An endangered native quoll was spotted in our region for the first time in 17 years.
The spotted-tailed quoll is believed to live across the New England and Northern Tablelands area but hasn't raised its head near Armidale since 2003. It is classed as 'vulnerable' in NSW and 'endangered' nationally.
But a suspected chicken thief near Tilbuster north of Armidale has been identified as the native marsupial.
The sighting happened by accident, according to NSW National Parks and Wildlife Service officer Adam Fawcett.
"Chickens had been lost regularly in over a few weeks, so he put out an infra-red motion sensor camera to see how the animal was getting into the chicken pen and, to his surprise, captured images of a spotted-tailed quoll," he said.
The quoll is the mainland's largest native marsupial predator; it's about the size of a cat.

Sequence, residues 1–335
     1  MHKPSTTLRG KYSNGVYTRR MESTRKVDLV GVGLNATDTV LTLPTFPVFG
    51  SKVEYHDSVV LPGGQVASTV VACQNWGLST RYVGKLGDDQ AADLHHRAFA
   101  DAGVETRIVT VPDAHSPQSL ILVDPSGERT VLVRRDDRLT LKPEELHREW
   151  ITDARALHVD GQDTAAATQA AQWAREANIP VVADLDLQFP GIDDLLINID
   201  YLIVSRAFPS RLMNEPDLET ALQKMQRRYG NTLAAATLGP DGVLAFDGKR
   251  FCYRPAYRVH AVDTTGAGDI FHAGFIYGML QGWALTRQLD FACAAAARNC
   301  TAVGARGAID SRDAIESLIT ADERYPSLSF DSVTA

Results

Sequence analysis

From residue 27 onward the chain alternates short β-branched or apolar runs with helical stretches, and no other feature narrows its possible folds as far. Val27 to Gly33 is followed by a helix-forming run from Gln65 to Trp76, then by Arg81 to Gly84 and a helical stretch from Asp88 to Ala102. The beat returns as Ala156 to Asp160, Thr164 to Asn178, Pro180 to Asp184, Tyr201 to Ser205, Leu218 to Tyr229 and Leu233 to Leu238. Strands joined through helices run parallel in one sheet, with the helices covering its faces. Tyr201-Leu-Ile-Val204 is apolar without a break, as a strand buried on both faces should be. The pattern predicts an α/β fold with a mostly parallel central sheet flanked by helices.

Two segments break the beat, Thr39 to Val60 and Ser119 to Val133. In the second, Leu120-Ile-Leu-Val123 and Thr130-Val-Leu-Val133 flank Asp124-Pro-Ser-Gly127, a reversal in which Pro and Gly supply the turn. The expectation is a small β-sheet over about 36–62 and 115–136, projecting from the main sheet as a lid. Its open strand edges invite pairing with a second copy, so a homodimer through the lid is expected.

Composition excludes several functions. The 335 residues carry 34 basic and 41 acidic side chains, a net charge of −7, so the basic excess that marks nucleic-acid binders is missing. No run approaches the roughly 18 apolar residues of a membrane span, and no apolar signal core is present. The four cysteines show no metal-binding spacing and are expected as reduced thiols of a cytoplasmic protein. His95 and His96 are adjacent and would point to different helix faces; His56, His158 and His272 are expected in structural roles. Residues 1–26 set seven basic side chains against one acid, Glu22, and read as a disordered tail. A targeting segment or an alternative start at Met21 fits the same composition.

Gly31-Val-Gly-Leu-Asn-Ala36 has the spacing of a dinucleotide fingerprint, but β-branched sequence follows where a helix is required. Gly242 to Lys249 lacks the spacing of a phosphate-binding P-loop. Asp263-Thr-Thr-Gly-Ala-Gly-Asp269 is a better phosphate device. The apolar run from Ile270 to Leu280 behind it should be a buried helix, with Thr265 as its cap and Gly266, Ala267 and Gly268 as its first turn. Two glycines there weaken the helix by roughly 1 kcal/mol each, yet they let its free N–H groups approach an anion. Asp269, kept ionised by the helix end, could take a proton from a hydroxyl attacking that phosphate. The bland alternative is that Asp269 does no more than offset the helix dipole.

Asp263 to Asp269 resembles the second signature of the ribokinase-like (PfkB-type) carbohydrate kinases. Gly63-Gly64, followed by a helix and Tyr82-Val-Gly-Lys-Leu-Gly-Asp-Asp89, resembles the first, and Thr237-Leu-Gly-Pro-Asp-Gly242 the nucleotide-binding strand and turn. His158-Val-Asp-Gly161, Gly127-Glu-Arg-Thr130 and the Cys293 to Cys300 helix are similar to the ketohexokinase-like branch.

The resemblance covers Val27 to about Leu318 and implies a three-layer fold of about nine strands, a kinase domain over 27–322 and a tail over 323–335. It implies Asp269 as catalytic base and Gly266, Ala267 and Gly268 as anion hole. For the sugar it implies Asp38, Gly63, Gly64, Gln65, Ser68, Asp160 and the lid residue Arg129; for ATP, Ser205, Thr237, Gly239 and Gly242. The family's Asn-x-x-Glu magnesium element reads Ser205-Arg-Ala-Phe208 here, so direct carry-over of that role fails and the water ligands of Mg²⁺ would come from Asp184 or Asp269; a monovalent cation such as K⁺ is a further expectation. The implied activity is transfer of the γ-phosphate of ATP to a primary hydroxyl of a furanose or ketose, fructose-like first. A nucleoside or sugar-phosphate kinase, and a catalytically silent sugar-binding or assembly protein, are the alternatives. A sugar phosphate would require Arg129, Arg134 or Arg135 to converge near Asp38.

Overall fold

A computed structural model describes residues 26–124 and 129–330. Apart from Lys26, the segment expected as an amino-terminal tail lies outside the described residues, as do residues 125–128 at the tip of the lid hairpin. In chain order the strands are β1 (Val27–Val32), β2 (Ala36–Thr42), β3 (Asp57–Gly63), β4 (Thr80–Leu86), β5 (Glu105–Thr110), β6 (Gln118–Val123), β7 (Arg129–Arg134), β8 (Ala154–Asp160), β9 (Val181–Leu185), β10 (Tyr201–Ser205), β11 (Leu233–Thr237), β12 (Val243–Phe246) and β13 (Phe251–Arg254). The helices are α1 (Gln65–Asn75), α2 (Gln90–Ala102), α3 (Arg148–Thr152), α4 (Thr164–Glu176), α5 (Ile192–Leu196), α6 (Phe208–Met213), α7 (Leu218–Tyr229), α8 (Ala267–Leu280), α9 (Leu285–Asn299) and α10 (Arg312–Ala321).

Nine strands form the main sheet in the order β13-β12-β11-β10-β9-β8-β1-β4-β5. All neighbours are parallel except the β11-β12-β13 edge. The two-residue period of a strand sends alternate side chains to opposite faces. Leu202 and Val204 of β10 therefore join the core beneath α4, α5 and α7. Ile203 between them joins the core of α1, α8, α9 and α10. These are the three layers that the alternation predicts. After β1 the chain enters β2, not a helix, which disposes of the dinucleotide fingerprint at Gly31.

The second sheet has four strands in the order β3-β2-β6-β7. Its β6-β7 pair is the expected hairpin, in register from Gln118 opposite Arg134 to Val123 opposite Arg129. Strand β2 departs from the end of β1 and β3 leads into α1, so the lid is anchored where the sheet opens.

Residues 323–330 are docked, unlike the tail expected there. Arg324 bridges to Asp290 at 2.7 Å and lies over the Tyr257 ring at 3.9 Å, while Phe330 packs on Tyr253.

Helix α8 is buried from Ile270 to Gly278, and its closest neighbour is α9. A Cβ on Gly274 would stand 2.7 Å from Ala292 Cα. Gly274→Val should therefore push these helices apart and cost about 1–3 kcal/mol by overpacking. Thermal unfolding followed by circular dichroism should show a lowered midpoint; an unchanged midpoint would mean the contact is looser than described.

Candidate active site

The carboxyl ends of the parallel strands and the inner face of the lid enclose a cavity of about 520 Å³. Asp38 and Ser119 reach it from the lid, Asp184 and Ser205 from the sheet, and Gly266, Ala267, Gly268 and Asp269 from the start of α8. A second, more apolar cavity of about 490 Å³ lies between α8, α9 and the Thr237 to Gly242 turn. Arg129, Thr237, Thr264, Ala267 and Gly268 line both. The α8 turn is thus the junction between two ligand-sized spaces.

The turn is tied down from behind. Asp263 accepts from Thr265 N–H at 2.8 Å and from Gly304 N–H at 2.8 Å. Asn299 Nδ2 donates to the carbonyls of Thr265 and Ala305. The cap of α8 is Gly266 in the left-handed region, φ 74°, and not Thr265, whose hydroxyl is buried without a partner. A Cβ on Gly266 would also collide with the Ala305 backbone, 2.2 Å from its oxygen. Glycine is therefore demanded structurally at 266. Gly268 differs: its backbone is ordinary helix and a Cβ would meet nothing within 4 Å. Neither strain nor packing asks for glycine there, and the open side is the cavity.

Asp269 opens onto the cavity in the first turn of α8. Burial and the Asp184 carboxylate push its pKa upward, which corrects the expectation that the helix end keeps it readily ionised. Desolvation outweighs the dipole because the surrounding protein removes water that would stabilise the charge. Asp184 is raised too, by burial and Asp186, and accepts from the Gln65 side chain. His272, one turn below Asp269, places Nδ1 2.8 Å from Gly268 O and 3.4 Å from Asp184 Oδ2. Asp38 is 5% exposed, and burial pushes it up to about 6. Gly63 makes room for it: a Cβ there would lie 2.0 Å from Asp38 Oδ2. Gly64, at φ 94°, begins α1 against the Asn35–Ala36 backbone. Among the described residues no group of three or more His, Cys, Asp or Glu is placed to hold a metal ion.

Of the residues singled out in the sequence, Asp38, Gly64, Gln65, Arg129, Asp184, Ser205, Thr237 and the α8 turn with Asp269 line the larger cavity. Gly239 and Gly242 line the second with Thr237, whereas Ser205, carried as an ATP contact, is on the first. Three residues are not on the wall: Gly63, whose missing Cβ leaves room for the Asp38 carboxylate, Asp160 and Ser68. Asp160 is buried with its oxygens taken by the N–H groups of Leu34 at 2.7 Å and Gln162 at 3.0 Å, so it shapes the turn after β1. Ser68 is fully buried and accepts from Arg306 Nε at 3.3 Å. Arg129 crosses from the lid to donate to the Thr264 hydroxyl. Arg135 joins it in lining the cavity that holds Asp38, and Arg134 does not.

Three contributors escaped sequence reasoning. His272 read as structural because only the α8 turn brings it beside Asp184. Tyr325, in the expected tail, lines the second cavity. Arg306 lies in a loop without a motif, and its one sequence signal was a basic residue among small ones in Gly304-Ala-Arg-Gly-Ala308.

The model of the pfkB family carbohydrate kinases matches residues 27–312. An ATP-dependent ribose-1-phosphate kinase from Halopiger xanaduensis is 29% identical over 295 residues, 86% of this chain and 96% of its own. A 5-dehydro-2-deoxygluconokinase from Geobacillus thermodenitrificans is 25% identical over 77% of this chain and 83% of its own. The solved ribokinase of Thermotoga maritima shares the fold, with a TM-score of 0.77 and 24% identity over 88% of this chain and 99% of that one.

They are known to live in large populations in national parkland east of Armidale, including the Oxley Wild Rivers and New England and Guy Fawkes River National parks.
Mr Fawcett, who works as a Saving Our Species officer, said the discovery is a morale boost. NPWS plans to conduct a statewide survey for the animal later in 2020.
"This is an especially important find given the severe recent drought and its impact on vegetation," he said.
"Threats to spotted-tailed quolls include loss of habitat and being hit by vehicles as they cross roads, but one of the biggest issues is animals being shot or poisoned in response to attacks on domestic chickens and aviaries."
He urged farmers and homeowners to contact the NPWS or New England Local Land Service for advice on how to stop the predator in a humane manner.